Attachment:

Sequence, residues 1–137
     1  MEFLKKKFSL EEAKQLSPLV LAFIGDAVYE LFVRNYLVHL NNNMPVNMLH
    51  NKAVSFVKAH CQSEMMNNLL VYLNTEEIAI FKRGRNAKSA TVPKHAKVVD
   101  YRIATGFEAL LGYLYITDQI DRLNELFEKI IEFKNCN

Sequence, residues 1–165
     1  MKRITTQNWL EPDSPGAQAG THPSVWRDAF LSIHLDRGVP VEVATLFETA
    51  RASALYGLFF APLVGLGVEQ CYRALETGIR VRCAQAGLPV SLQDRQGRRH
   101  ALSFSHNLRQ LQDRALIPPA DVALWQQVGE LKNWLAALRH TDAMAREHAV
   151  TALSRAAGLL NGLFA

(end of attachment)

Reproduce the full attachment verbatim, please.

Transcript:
Sequence, residues 1–137
     1  MEFLKKKFSL EEAKQLSPLV LAFIGDAVYE LFVRNYLVHL NNNMPVNMLH
    51  NKAVSFVKAH CQSEMMNNLL VYLNTEEIAI FKRGRNAKSA TVPKHAKVVD
   101  YRIATGFEAL LGYLYITDQI DRLNELFEKI IEFKNCN

Sequence, residues 1–165
     1  MKRITTQNWL EPDSPGAQAG THPSVWRDAF LSIHLDRGVP VEVATLFETA
    51  RASALYGLFF APLVGLGVEQ CYRALETGIR VRCAQAGLPV SLQDRQGRRH
   101  ALSFSHNLRQ LQDRALIPPA DVALWQQVGE LKNWLAALRH TDAMAREHAV
   151  TALSRAAGLL NGLFA